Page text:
It was noticed that the total nitrogen (TN) in the supernatant of raw sludge was very high (around 40.50 mg/L). The sludge utilized in this study was the secondary sludge collected from secondary sedimentation which is the last unit of wastewater treatment if disinfection is not performed. It means the treated water (called effluent) is discharged into natural water bodies after this unit. The supernatant of the sludge is having the same quality as effluent of the treatment plant as they are the water from the same unit. It was observed that the TN in the supernatant of the sludge was 40.50 mg/L, which indicates that the TN of the effluent was around 40.50 mg/L. According to the Criteria of Grade I of the "Standard for Discharge of Pollutants From Urban Sewage Treatment Facilities" (GB18918-2002), the TN in the effluent should be below 15 mg/L. It indicates that an excessive amount of nitrogen would be discharged to the natural waters if additional treatment has not been applied after secondary treatment. In the last decades, excessive nitrogen discharge from the wastewater treatment plant has caused severe eutrophication and destructed the aquatic ecosystems . Different from other pretreatments, TN concentration in the supernatant was nearly not changed (from 40.50 to 45.00 mg/L) after acidic pretreatment (Fig. 1). It has also been reported that the acidic treatment did not significantly impact the TN concentration in the liquid portion (only 8% increase of the TN concentration after treatment) [47, 49, 50]. Acidic pretreatment could effectively cause cell death due to dehydration; however, it is not efficient for breaking cell membranes . It suggests that no significant release of intracellular protein occurs in acidic pretreatment.
TN in the supernatant was increased from 40.50 to 112.27 mg/L, 143.84 mg/L, and 248.94 mg/L after alkaline, microwave irradiation and ultrasonication pretreatment, respectively (Fig. 1). It can be seen that TN has been released due to pretreatment and the release amount was in the order of ultrasonication > microwave > alkaline > acidic. Both acidic and alkaline treatments are achieved by adjusting solution pH. Compared to acidic pretreatment, alkaline treatment has better performance on TN release. Alkali could react with phospholipid (the main component of the cell membrane) to occur saponification, and thus disrupt the cell and release the intracellular products (such as protein) . It hence increases the TN in the supernatant. It can be seen that microwave and ultrasonication pretreatment achieved efficient TN release and ultrasonication provides better performance (Fig. 1). Microwave radiation provides rapid temperature increase and could efficiently break hydrogen bonds. It leads to the disintegration of proteins and the release of TN . As been discussed above, free radicals were generated during ultrasonication that could break and deconstruct the cells, and thus lead to release of protein and polysaccharide into the supernatant [15, 36].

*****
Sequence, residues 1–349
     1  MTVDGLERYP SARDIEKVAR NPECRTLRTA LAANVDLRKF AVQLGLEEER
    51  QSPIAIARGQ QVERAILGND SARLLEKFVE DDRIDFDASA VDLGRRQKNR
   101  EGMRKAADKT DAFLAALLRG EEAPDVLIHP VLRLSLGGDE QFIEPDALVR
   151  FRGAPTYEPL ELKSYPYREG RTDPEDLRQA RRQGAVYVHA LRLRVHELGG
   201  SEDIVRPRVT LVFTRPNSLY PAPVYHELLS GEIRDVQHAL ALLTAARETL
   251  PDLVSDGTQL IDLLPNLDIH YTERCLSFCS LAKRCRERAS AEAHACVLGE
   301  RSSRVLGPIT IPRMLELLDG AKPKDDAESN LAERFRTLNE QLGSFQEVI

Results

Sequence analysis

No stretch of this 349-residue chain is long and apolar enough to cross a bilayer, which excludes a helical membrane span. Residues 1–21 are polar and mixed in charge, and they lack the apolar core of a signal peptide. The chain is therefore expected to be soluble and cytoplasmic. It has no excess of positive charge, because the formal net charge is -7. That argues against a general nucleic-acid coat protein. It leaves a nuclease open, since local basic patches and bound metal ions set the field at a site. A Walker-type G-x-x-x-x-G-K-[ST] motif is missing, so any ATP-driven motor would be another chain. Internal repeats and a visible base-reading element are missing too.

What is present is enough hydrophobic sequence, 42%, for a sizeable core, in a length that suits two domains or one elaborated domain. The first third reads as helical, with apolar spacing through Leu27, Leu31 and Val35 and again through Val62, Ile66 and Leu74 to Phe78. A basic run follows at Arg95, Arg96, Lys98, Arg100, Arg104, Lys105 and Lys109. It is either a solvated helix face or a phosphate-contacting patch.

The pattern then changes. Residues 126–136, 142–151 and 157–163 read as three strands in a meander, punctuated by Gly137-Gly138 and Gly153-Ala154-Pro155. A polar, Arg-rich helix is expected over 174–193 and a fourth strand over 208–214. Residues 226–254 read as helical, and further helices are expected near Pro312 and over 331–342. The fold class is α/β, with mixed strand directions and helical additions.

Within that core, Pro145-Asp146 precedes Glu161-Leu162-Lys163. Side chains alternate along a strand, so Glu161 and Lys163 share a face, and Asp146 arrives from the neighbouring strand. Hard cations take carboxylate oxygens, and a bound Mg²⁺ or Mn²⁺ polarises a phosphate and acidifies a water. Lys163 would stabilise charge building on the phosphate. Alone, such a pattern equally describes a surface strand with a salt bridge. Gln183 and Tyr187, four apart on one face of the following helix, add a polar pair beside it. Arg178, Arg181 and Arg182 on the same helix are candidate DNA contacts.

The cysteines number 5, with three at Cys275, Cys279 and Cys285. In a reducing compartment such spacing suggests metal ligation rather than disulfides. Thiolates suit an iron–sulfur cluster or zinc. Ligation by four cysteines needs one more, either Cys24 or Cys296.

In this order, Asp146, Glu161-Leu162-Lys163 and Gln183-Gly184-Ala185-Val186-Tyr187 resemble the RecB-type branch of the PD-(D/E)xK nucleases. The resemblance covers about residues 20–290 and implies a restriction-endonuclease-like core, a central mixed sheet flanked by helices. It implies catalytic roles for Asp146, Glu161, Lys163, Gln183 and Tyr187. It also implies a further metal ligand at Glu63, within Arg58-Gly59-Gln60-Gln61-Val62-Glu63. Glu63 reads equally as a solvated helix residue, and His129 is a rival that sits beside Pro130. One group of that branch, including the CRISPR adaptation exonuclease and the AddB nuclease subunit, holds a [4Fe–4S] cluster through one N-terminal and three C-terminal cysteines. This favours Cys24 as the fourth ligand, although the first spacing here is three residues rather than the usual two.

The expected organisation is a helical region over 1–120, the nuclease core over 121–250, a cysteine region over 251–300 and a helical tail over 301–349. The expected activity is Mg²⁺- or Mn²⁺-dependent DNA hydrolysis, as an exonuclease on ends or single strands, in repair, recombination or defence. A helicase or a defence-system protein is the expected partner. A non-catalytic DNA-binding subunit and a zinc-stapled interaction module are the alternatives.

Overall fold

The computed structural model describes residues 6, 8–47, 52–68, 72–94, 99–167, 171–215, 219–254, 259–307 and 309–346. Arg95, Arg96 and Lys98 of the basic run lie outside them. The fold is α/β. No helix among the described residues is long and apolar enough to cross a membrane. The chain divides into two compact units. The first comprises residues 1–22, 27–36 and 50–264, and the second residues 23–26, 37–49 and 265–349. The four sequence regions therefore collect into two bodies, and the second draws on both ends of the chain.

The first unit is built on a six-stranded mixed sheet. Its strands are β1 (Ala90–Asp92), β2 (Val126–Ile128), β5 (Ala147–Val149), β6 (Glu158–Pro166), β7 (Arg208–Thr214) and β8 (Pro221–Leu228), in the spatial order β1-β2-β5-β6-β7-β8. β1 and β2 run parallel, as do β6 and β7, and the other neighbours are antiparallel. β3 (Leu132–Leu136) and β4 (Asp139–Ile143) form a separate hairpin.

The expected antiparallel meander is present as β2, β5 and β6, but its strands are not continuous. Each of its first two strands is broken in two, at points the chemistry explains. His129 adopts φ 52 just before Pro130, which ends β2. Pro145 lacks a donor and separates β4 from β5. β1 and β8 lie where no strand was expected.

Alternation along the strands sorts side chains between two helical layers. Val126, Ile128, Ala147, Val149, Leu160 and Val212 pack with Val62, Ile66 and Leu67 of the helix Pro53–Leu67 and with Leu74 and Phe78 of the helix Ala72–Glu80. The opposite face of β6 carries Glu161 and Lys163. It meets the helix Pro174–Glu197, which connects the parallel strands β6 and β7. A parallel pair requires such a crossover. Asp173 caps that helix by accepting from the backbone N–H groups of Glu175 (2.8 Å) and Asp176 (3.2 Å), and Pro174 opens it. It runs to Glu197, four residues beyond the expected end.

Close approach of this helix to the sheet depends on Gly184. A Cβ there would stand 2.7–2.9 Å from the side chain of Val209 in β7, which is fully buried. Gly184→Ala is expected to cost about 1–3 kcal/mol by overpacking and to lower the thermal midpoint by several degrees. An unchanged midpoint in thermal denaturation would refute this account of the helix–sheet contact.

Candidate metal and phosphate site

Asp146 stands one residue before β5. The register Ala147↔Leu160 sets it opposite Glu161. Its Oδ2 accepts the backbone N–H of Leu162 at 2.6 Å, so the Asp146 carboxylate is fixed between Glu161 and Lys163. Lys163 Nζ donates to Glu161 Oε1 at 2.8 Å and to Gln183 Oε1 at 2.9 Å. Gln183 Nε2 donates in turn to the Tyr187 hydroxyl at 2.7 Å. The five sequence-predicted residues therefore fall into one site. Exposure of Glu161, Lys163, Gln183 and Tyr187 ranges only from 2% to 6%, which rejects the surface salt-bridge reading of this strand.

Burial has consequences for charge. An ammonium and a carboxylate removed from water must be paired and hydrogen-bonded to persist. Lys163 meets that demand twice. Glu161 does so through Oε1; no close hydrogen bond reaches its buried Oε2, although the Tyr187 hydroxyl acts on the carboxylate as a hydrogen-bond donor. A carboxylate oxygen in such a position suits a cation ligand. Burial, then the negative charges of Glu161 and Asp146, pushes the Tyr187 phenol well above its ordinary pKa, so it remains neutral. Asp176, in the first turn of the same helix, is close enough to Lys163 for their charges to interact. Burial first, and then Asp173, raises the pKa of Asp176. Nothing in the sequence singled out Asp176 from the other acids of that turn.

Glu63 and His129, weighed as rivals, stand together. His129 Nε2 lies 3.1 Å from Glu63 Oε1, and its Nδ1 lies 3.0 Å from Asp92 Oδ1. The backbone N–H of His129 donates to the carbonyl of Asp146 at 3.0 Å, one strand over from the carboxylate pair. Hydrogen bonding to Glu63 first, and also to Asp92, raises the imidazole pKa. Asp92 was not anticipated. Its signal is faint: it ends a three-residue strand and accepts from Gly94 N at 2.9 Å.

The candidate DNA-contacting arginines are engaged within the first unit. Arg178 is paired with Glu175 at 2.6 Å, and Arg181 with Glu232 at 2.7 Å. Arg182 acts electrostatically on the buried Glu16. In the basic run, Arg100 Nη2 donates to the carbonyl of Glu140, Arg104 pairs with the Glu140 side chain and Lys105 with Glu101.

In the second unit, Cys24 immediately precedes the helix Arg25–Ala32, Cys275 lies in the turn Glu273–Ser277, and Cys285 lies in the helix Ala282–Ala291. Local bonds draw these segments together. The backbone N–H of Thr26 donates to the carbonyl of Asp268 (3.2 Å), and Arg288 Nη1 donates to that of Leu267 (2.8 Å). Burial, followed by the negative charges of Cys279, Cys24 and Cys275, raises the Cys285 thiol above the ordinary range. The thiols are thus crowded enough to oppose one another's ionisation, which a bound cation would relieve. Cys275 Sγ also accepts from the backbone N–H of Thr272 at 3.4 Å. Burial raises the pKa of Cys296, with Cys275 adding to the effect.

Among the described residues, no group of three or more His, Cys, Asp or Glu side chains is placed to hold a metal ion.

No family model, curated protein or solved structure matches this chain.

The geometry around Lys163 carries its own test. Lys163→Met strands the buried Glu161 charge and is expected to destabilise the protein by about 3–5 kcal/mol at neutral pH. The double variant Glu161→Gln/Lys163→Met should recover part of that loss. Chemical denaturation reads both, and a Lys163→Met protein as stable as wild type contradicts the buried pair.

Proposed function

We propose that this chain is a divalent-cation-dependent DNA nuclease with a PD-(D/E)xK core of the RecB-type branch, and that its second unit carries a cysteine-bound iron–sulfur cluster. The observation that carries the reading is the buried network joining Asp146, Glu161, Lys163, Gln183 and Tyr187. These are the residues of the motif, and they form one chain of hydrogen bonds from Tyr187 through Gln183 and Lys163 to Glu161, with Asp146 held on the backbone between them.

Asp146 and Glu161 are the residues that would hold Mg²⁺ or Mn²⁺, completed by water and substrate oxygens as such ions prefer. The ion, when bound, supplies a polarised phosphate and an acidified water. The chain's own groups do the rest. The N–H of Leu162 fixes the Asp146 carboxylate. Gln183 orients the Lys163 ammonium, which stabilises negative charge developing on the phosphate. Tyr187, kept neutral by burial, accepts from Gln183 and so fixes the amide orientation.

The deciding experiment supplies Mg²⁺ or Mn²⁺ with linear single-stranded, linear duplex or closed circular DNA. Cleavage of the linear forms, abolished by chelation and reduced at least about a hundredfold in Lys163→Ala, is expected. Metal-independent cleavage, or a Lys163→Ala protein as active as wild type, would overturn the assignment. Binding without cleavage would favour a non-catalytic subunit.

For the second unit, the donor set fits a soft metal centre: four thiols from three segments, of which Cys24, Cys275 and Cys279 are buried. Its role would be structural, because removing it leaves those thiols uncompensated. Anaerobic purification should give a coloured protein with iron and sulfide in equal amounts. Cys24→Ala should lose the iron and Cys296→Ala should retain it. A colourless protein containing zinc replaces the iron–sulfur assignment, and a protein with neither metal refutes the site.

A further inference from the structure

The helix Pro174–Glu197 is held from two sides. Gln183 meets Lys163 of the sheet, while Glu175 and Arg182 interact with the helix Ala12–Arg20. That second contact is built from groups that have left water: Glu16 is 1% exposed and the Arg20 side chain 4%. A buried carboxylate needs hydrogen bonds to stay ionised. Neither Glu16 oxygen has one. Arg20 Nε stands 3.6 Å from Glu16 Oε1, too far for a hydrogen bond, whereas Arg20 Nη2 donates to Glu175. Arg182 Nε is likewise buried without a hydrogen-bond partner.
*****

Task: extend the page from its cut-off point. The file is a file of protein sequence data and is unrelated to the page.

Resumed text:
It was observed that total phosphorus (TP) concentration in the supernatant was significantly increased after acidic pretreatment (from 7.02 to 57.15 mg/L) (Fig. 1). Sludge contains some amount of phosphorus precipitates which would dissociate at low pH conditions. Hence, the TP increase was observed in the liquid phase after acidic pretreatment. As mentioned, cell lysis occurs after alkaline treatment. However, at high pH, PO43− could form precipitate and stay in solid phase. Thus, it leads to the lower TP concentration in the supernatant of alkaline treated sludge compared to that of acidic treatment. As discussed above, microwave is capable of disrupting the complex materials and thus leads to an increase of TP in the supernatant. Among all, ultrasonication was still the best one for releasing TP (from 7.02 to 83.78 mg/L) (Fig. 1).
Overall, ultrasonication was the most efficient method for the release of SCOD, TN and TP. Similar results were reported that SCOD, TP, TN in the supernatant of sludge were significantly increased after ultrasonication pretreatment in which the SCOD, TP, and TN were increased 3.3–5.4, 2.8–4.5, and 13.1–19.6 times after ultrasonication pretreatment [21, 35]. Other pretreatment methods also had some merits on releasing certain nutrients, for instance, acidic pretreatment on the release of TP, alkaline and microwave pretreatment on the release of TN. Further studies could be carried out on the combination of ultrasonication and acidic pretreatment or ultrasonication and alkaline pretreatment to enhance the release of targeted nutrients.
Sludge pretreatments on lipid production and nutrient utilization